Teva Explorer Tara Rock reflects on what she’s learned from her home beach break: always changing, evolving, and far from perfect. Words and Photos by Tara Rock.
Our home break has been our safe space not just this year, but for as long as I can remember.
This is the place both my husband and I have spent most of our lives surfing, where we’ve spent the last several years raising our son, and an escape from the mediocrity of our everyday routine. Having access to the beach and ocean has been our greatest joy as a family.
Tara wears the water-loving Hurricane XLT2 sandals in Sage Green.
My family and I have been very fortunate during the pandemic. Our location, lifestyle, and privilege has allowed us to feel relatively safe throughout the last year. Don’t get me wrong—we’ve had our personal struggles. Most of the year I have spent out of work and my partner Tyler, as a first responder, is constantly put at a higher risk of exposure.
With the current climate of our world, we’ve been living between uncertainty and absolute familiarity— we don’t know what is going to happen in the world around us, but we have found comfort in our bubble.
We have relied a lot on our outdoor spaces to help balance our lives.
Through our time spent outside, we’ve developed a personal relationship with this specific landscape on the Big Island of Hawaii. This place has been my teacher over the years and even more so within the last year. On a surface level, I have always thought of places in the context of their landscape. But more recently, I am learning to embrace spaces in the same regard to my relationship with other humans.
This beach, whom I will refer to as My Teacher, gets its character by working symbiotically with the weather. The river mouth feeds into the ocean and is constantly changing the dynamic of our outdoor experience. We’ve had wide, expansive beaches one week, only to be met with torrential downpours and nothing but river rocks the following week. All the sand gets pushed out into the ocean to create a sandbar and eventually makes its way back in and reshapes the beach for an entirely different experience.
I am in my element when I am near or in the water. On a scientific level, there is an abundance of negative ions (which are ironically very good for you) found in natural spaces. When we absorb negative ions and it starts flowing through our blood stream, there is a very powerful chemical reaction, an increase in serotonin, a relief of stress, and overall positive mood shift.
You could almost say we have the ability to become a part of nature if we really immerse ourselves in it. When I am surfing, I can become the water and waves. I am not only in my element, but I am my element. This scientific chemical reaction is a true measure of my relationship with the ocean.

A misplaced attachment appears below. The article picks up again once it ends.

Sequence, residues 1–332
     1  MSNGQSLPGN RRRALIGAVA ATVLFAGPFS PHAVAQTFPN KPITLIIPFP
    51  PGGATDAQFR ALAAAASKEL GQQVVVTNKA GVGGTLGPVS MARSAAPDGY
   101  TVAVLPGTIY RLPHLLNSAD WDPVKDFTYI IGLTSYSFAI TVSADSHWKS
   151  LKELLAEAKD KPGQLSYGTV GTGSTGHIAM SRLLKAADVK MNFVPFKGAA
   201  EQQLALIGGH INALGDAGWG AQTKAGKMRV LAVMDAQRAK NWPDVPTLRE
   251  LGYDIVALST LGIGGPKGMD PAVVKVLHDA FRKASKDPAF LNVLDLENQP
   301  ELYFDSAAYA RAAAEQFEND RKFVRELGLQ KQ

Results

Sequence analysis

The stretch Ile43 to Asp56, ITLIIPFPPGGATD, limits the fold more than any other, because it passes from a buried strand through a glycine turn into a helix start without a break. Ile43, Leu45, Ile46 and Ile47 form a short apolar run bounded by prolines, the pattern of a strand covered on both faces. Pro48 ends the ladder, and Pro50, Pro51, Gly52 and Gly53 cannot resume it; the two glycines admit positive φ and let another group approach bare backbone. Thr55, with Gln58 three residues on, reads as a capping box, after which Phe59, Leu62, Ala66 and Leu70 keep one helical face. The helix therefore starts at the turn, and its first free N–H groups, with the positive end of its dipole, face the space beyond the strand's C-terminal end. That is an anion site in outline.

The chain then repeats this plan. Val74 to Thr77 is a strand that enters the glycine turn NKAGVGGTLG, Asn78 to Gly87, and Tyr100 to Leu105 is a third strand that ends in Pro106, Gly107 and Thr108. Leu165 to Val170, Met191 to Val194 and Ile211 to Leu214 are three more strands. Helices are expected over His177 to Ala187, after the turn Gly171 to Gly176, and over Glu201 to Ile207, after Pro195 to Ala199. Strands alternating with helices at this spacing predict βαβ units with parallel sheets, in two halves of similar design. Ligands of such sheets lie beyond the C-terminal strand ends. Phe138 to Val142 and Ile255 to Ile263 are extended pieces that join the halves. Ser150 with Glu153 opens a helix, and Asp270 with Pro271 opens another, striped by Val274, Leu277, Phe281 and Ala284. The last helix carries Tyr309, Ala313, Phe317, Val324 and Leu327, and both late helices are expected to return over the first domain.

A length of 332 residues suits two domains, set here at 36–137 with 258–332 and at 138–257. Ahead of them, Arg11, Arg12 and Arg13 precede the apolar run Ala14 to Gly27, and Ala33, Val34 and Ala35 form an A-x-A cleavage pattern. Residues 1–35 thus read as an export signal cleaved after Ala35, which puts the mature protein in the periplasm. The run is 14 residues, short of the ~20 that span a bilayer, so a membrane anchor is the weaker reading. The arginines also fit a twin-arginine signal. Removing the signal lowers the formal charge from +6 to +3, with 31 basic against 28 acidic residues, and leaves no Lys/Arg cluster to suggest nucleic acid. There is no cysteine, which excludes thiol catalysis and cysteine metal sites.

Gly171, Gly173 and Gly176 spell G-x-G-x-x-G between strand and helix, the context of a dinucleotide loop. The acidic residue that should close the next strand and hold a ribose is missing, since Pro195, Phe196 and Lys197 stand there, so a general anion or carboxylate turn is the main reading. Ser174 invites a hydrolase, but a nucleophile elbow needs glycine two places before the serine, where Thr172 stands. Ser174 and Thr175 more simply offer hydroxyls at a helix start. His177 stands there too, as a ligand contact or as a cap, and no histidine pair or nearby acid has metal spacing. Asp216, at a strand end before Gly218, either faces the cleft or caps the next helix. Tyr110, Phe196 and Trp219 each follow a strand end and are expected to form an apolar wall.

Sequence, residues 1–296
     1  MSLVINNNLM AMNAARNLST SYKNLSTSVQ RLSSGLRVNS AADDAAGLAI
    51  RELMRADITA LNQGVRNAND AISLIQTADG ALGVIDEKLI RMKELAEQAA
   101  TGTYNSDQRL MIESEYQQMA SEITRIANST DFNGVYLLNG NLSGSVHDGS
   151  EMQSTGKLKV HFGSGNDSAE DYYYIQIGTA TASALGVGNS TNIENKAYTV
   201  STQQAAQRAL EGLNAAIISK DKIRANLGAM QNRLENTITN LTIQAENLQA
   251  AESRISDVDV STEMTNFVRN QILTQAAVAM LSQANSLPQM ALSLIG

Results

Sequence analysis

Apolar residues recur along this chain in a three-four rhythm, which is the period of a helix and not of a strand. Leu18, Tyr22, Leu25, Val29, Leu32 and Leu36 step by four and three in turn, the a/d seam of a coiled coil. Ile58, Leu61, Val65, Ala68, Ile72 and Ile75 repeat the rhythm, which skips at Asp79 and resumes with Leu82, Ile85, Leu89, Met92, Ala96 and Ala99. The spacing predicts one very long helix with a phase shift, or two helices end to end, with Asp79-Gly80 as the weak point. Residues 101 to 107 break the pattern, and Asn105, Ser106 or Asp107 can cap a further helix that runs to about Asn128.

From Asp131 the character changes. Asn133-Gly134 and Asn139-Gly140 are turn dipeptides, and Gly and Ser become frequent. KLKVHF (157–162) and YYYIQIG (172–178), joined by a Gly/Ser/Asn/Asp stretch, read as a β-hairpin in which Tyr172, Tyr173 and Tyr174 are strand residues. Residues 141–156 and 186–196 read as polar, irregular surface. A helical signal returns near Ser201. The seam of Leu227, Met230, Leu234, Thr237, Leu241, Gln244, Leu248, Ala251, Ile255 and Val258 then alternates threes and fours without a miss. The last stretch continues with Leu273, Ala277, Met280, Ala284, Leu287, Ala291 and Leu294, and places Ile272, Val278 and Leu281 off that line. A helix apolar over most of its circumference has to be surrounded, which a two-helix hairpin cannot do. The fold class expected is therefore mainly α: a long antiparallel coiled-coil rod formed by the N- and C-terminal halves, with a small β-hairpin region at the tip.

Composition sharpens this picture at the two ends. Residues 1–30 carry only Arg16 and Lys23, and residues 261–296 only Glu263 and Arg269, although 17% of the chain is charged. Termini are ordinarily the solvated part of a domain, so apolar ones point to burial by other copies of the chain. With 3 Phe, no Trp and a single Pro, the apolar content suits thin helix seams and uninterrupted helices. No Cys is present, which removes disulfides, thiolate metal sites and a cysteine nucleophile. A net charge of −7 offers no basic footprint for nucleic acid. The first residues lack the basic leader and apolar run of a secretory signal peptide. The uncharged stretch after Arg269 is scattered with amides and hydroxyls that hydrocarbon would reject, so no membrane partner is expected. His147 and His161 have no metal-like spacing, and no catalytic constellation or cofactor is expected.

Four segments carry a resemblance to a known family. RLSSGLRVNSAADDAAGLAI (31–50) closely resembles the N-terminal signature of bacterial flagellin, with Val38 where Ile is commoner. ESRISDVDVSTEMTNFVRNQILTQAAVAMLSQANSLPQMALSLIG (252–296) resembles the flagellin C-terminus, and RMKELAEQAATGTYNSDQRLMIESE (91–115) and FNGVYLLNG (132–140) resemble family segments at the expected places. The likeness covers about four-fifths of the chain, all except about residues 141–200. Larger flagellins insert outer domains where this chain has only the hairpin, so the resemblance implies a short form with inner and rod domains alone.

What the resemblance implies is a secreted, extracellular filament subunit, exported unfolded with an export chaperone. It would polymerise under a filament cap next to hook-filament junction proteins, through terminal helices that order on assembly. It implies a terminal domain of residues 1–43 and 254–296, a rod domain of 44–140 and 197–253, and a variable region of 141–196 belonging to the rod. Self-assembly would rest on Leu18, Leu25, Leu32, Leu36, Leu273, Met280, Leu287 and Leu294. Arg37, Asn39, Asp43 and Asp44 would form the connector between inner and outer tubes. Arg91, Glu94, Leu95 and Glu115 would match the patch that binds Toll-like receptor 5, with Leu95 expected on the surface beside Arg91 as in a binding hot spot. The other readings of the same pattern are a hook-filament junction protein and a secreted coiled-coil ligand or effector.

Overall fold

Tyler wears the Hurricane XLT2 in Honey Mustard.
“The river mouth feeds into the ocean and is constantly changing the dynamic of our outdoor experience.”
This beach—My Teacher—a flexible space, always changing and evolving, not always beautiful, and far from perfect. It is constantly adjusting and transforming but always feels very familiar.
I’ve always had certain expectations for my life. If things don’t turn out the way I’d hoped or planned, I am left disappointed—especially when I am pursuing my creative passion and/or shooting photos. Even shooting these particular photos and writing this story has been a learning experience for me! We were met with weeks of rain and unpredictable weather that left me feeling little to no creative control. We’ve rarely had a chance to go surfing or spend time on the beach. I had such a different idea of how this was all going to go.
The Hurricane collection for the whole family: made for the elements so you can be in your element.
But I really had to let go and allow the natural flow of events to play out. What will be will be. And I have to accept that whatever the outcome is, it’s going to be beautiful. We have to accept that nature is going to keep doing its thing and we have no control over it. The one time we went down to the beach as a family we got rained out. This was also an opportunity to teach our son to roll with the changes. We can just laugh it off and run for cover, no big deal. He can learn to change and evolve just like the beach does.
My husband always reminds me that my expectations are too high. But I don’t need my husband to tell me that. My Teacher has taught me that over the last year—to find stillness and calm not only in the monotony of life but also in the change happening all around us that we cannot control.
Life, especially more recently, can feel very messy and unplanned. I’ve stopped waiting for perfect moments. The nuances of nature, the pandemic, and motherhood are all intertwined in this imperfect balance and I just have to go with.
I want to encourage others to go outside and develop a relationship with nature. Find your teacher. Being outside has healing power and can be your mentor during these times. I am still learning and growing. Through all of this, my greatest teacher has been the place I have always felt the happiest and at peace.
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